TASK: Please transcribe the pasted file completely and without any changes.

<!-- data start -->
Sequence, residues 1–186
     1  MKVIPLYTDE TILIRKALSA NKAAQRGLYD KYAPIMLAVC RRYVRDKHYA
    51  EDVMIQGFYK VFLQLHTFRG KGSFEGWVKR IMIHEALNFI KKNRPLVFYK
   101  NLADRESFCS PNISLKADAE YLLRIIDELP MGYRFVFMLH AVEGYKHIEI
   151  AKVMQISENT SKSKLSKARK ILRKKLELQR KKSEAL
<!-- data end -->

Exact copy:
Sequence, residues 1–186
     1  MKVIPLYTDE TILIRKALSA NKAAQRGLYD KYAPIMLAVC RRYVRDKHYA
    51  EDVMIQGFYK VFLQLHTFRG KGSFEGWVKR IMIHEALNFI KKNRPLVFYK
   101  NLADRESFCS PNISLKADAE YLLRIIDELP MGYRFVFMLH AVEGYKHIEI
   151  AKVMQISENT SKSKLSKARK ILRKKLELQR KKSEAL